(1) By the end of the period of six months, beginning with the day on which this Act is passed, the Secretary of State must publish a review into the potential for future cooperation between local authorities in England, Wales, Scotland and Northern Ireland in relation to the provisions of this Act.(2) The review under subsection (1) must consider how it may be possible to extend the provisions of the Act to ensure that applications for secure tenancies in cases of domestic abuse—(a) from Wales, Scotland or Northern Ireland may be considered by local authorities in England;(b) from England, Scotland or Northern Ireland may be considered by local authorities in Wales;(c) from England, Wales or Northern Ireland may be considered by local authorities in Scotland; and(d) from England, Wales or Scotland may be considered by local authorities in Northern Ireland.(3) The review must be laid before both Houses of Parliament.(4) In this section, “local authority” means—(a) in relation to England, the council of a district, county or London borough, the Common Council of the City of London and the Council of the Isles of Scilly;(b) in relation to Wales, the council of a county or county borough; (c) in relation to Scotland, the council of a district or city;(d) in relation to Northern Ireland, the council of a district, borough or city.”
Lord Kennedy of Southwark Portrait Lord Kennedy of Southwark
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My Lords, Amendment 7 would insert a new clause requiring the Secretary of State to publish a review into future co-operation between local authorities in each part of the UK. This is another issue that I raised at Second Reading. As I explained, people move around the UK for a variety of reasons, and if a victim wants to move back to a place where they previously lived or where they grew up, to be nearer to family and friends or to have the additional support that they need to get their life back on track, that is something we should all support. As drafted, the Bill applies only to England, but someone could want to move from Birmingham to Belfast or from Coventry to Glasgow, or indeed any number of permutations around the UK.

The Minister recently sent out a very helpful letter setting out the current position, and it would be useful for the record if he set it out in the House today. For me, this is again about ensuring that the victims of this appalling crime are given every help and assistance, and that unnecessary impediments or barriers are not put in people’s way as they go about the process of rebuilding their lives. I hope the Minister can give us that information today. I beg to move.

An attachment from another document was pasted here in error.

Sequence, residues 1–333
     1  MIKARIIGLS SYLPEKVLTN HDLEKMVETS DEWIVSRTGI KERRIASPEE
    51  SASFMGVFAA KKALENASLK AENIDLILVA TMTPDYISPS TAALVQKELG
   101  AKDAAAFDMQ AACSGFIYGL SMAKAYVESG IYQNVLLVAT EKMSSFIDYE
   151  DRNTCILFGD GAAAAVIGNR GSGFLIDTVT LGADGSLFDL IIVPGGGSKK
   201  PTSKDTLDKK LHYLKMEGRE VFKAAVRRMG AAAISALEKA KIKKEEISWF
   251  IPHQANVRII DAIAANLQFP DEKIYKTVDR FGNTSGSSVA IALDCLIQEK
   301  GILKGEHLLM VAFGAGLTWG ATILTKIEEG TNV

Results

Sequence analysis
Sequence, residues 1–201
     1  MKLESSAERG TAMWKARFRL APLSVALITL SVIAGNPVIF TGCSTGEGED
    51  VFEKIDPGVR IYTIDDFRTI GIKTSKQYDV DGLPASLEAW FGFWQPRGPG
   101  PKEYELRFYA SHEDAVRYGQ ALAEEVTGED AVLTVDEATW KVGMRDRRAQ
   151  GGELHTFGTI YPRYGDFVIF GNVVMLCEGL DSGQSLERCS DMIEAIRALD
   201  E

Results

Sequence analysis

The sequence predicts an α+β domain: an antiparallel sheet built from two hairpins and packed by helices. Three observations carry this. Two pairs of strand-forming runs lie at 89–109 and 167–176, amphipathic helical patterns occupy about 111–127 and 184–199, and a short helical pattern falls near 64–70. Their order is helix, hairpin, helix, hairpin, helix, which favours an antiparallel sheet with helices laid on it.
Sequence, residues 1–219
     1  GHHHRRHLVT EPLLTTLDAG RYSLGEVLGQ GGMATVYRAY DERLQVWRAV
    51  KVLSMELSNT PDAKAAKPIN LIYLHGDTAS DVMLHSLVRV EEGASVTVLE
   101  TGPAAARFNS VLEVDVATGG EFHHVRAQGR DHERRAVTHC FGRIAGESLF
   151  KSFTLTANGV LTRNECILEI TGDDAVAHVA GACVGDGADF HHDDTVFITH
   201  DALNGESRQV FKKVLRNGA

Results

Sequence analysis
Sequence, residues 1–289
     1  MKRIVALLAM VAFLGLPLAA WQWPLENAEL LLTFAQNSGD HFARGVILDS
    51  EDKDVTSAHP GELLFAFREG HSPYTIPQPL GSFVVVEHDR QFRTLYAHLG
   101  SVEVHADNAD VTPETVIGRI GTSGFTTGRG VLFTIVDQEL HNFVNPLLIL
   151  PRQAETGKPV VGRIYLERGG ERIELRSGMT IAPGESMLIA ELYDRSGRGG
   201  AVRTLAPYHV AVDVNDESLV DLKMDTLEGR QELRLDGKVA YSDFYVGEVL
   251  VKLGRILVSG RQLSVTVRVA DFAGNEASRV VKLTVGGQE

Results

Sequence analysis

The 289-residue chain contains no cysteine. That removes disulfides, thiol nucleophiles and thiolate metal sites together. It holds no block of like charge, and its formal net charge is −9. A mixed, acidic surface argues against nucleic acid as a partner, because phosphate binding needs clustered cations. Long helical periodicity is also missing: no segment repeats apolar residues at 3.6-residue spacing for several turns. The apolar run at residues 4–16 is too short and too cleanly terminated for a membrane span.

Lord Bourne of Aberystwyth Portrait Lord Bourne of Aberystwyth
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My Lords, I thank the noble Lord, Lord Kennedy, for moving this amendment; I understand what lies behind it and recognise its benign intention. He will understand that we as a Parliament are not in a position to pass legislation on housing policy in the devolved Administrations. I want to ensure that that is on the record. That said, I agree absolutely that increased co-operation between England and the devolved Administrations on the issue of victims of domestic abuse who need or want to move from one country to another is something that we should consider within the United Kingdom framework. Indeed, there are many other issues when collaboration across the devolved Administrations is desirable.

It is my intention to raise this at the ministry’s devolved Administration round table, which I am due to attend in Cardiff on 19 April. I set up the forum of devolved Administrations with colleagues when I arrived in the ministry some 18 months ago, understanding from my background in Wales how important this collaboration is.

As part of the review, Amendment 7 would require the Government to consider how the Bill’s provisions could be extended to Wales, Scotland, and Northern Ireland, so that any victim of abuse could apply for a lifetime tenancy in another part of the United Kingdom. As noble Lords will understand, there are devolved sensitivities, which I fully understand myself, which means that we do not want to approach the issue in that way. It must be approached, quite correctly, through collaboration. I am sure that there will be a positive response to that, as there has been at other devolved Administrations when we talked about co-operation, for example, relatively recently on Roma/Gypsy/Traveller issues, and others. So I am sure that this will push at an open door.

When a person flees domestic abuse to England from another part of the United Kingdom, the housing authority could not refer them back to where the abuse took place or where they would be at risk of violence or abuse. The housing authority must ensure that the applicant would not be at such a risk. They would then be housed in temporary accommodation or a refuge, and placed on the local authority housing waiting list with appropriate priority. If the person has “priority need”—they will have if they are vulnerable due to having left accommodation because of domestic abuse, or have children in their care—they will be assisted under the homelessness legislation. This means they will be provided with temporary accommodation by the local authority until a settled home is available. Households that are owed the main homelessness duty have reasonable preference—that is, priority—for social housing.

The purpose of the Bill is to remove an impediment that might prevent someone who suffers domestic abuse leaving their abusive situation in England, when the provisions under the Housing and Planning Act 2016 come into force. That Act applies to England only. The current situation for a victim of abuse in another part of the United Kingdom—in Scotland, for example—is that they will not have an impediment to flee their situation for fear of losing their lifetime tenancy, as another council within Scotland will grant them a lifetime tenancy when they are rehoused. The commencement of the Housing and Planning Act does not change this, of course.